skip to main content

H.R. 1644 (108th): Energy Policy Act of 2003

To enhance energy conservation and research and development, to provide for security and diversity in the energy supply for the American people, and for other purposes.

The bill’s titles are written by its sponsor.

Joe Barton

Sponsor. Representative for Texas's 6th congressional district. Republican.

Read Text »
Last Updated: Apr 9, 2003
Length: 388 pages
Introduced:

Apr 7, 2003
108th Congress, 2003–2004

Status:
Died in a previous Congress

This bill was introduced on April 9, 2003, in a previous session of Congress, but was not enacted.

See Instead:

H.R. 6 (same title)
Conference Report Agreed to by House (Senate next) — Nov 18, 2003

S. 14 (same title)
Ordered Reported — May 1, 2003

S. 1005 (same title)
Ordered Reported — Apr 30, 2003

History

Apr 7, 2003
 
Introduced

Bills and resolutions are referred to committees which debate the bill before possibly sending it on to the whole chamber.

Apr 9, 2003
 
Ordered Reported

A committee has voted to issue a report to the full chamber recommending that the bill be considered further. Only about 1 in 4 bills are reported out of committee.

H.R. 1644 (108th) was a bill in the United States Congress.

A bill must be passed by both the House and Senate in identical form and then be signed by the President to become law.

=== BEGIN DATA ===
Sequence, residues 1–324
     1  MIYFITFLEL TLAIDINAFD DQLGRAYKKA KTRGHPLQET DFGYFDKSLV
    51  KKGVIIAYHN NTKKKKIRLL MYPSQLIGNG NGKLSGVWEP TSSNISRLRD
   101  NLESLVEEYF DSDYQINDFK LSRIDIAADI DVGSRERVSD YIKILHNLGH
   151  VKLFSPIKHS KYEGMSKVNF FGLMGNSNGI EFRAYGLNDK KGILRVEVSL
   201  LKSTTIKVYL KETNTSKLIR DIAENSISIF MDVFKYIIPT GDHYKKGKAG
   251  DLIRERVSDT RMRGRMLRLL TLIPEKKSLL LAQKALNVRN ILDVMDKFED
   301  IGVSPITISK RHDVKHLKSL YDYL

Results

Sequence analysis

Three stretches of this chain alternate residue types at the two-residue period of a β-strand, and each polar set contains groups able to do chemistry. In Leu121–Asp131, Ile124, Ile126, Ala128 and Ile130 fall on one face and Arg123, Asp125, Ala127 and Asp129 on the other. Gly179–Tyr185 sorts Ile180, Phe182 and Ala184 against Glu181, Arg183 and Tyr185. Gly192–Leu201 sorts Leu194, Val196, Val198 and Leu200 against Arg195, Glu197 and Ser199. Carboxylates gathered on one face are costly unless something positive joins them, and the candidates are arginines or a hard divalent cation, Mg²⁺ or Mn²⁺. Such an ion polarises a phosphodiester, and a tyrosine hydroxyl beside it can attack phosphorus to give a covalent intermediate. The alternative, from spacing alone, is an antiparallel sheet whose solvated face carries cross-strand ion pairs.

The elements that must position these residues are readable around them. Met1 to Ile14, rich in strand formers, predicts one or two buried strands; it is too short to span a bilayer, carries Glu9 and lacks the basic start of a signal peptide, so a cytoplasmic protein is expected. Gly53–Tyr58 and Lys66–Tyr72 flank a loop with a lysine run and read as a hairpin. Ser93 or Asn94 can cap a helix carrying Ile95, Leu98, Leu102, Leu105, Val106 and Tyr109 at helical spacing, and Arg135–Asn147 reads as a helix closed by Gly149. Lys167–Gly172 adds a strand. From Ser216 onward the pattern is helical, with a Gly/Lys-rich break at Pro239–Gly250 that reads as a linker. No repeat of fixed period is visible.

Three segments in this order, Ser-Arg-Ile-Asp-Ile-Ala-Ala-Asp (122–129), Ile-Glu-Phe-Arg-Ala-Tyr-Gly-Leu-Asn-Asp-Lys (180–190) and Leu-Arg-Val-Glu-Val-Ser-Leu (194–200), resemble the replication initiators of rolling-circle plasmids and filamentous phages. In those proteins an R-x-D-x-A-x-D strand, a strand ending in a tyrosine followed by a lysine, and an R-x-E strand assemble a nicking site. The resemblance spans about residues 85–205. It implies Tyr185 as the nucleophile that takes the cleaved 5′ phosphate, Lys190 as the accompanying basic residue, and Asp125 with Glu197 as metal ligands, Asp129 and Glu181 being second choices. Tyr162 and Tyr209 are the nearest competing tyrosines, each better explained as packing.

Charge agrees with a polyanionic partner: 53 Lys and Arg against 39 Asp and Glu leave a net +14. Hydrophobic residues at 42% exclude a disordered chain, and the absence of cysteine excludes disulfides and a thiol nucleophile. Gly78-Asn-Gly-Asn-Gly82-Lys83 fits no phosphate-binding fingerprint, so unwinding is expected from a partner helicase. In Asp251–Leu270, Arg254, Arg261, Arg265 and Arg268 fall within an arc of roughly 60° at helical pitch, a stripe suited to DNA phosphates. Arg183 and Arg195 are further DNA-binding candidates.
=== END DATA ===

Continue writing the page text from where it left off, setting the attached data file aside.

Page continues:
This bill was introduced in the 108th Congress, which met from Jan 7, 2003 to Dec 9, 2004. Legislation not enacted by the end of a Congress is cleared from the books.

How to cite this information.

We recommend the following MLA-formatted citation when using the information you see here in academic work:

“H.R. 1644 — 108th Congress: Energy Policy Act of 2003.” www.GovTrack.us. 2003. December 17, 2017 <https://www.govtrack.us/congress/bills/108/hr1644>

Where is this information from?

GovTrack automatically collects legislative information from a variety of governmental and non-governmental sources. This page is sourced primarily from Congress.gov, the official portal of the United States Congress. Congress.gov is generally updated one day after events occur, and so legislative activity shown here may be one day behind. Data via the congress project.